At the 1996 Atlanta Olympics, where the dressage freestyle made its ground-breaking Games debut, Robert Dover suggested to me that the competition dress code could be more relaxed, with a wider variety of styles and colors at the least and the innovations could become more daring as time went on. It sounded interesting to me, so I then dutifully trotted up to Reiner Klimke, perhaps the most eminent figure in the sport at that time, and asked him what he thought. The German, who wowed America with his brilliant gold-medal performances on Ahlerich in the 1984 Los Angeles Olympics, listened tight-lipped to what I had to say. Then he fixed me with a piercing look and said, sternly emphasizing each word, “This is NOT circus!”
Klimke died in 1999, before the word “bling” was in general circulation. I wonder what he would make of the current trend toward glitter. I think I know, though, how he would have responded to a few comments tossed around that perhaps costumes might be worn for rides to music in competition. His response wouldn’t be pretty, I feel quite sure of that.
Nearly two decades after my conversation with Klimke, things have loosened up considerably regarding dressage dress, especially for the freestyle under the lights. Still, the subject continues to be a regular topic during meetings of the FEI Dressage Committee, when its members discuss the sport’s future.
As the FEI mulls over ways to make all its disciplines more up to date and popular—always with an eye toward keeping the sport in the Olympics—there is still a line being drawn with the word “tradition,” which continues to be cited when it comes to determining the rules on dress.
“I don’t know how far we’ll go,” mused Thomas Baur, of Germany, deputy chair of the committee. “I think some modernization will be on the way. I still don’t know what it will look like in the end. A lot of the stakeholders, like riders, trainers and organizers, agree that we want to go on the modern side. From my point of view, it is not really a need because we already have the possibility in the rules to use other colors [for tailcoats], and more or less nobody is using that. But others see the need, so I think it will come.”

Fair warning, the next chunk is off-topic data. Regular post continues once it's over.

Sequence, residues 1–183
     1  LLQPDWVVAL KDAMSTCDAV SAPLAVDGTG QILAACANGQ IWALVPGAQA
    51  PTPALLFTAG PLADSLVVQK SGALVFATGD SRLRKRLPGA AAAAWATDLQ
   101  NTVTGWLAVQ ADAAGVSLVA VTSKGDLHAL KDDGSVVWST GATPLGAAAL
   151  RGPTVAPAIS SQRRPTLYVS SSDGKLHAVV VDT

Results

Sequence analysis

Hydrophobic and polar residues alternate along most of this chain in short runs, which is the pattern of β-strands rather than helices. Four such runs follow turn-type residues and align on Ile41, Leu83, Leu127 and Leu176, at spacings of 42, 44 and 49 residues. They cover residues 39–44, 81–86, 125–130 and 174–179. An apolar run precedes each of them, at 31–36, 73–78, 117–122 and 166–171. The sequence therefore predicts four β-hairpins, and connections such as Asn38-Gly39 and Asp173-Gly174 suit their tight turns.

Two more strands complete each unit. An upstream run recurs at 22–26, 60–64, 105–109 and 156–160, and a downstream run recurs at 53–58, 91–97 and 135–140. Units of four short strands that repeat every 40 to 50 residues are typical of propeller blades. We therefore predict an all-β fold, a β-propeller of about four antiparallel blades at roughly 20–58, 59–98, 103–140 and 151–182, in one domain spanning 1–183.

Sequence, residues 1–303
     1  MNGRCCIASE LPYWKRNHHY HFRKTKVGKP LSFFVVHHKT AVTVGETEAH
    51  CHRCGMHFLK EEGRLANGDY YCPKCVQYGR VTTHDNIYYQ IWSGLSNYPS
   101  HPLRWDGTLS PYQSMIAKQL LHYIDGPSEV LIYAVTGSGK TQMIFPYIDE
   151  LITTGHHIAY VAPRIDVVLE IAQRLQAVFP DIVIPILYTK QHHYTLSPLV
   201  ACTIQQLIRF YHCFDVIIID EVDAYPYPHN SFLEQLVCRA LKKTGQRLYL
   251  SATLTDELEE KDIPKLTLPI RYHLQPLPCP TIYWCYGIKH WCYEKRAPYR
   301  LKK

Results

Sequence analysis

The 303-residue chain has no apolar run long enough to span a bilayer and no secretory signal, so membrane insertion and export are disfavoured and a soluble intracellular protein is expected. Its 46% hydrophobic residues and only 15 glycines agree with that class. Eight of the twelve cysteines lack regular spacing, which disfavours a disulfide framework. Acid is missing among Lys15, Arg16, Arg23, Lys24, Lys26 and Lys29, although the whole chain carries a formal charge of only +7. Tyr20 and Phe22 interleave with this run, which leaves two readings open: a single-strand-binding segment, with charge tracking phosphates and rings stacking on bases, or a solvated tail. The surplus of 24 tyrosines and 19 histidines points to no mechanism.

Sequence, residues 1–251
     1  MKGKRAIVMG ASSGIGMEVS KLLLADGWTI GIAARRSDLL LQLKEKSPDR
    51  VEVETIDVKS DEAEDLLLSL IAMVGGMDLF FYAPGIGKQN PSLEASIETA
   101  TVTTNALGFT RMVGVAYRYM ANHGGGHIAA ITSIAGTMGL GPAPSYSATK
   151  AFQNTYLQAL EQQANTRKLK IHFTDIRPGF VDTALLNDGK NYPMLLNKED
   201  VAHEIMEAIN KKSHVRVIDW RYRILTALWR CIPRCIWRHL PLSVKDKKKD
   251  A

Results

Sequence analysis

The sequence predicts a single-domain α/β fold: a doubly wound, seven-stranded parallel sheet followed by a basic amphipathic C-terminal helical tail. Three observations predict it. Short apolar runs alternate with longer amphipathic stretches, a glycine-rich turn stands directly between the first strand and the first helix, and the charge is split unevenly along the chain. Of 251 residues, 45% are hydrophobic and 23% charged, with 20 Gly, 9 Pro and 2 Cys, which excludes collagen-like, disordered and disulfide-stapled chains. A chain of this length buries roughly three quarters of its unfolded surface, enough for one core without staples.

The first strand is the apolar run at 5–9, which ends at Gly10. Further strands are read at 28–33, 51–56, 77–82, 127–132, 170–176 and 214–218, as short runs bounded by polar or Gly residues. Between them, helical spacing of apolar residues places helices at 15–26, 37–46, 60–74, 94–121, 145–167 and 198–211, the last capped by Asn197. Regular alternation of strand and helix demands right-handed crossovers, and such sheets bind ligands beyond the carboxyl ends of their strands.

He did add, “I’m a bit afraid of seeing an orange tailcoat in a championship, though there seems no danger of that in the immediate future. But a few more years on—who knows?” How far it will go is a matter to ponder.
British Olympic team gold medalist Carl Hester, the mentor of Charlotte Dujardin and one of Valegro’s owners, sees several angles of the dress issue, having spent many years competing before the bling barrage. “I’ve lived on the other side of it,” he said, when asked about his feelings on the loosening of the dress code. “I feel quite happy about the way that it’s moving. I enjoy the tradition of it, understandably, as I know a lot of other people do. The only people who don’t seem to want to look forward to the new image that I think is going to have to happen at some stage are probably those people who have never lived through the era of very traditional dress.
“I’ve managed to come through a transition, I feel, into slightly blingy,” he continued, adding he doesn’t, however, see himself in a place where he would utilize bling in excess.
Hester added, “I think it looks good. If we are talking about bringing new people into dressage and new spectators into dressage, they will be, I think, more happy to see that than the old, stuffy image. For embracing new people, it’s going to have to happen.”
Canadian rider Jacqueline Brooks noted there is a real question about the way to modernize the sport while still maintaining some of its traditions. “That’s a difficult balance,” she said. “We should be allowed to express our individuality, but where is that line between a sport and a spectacle?” she wondered.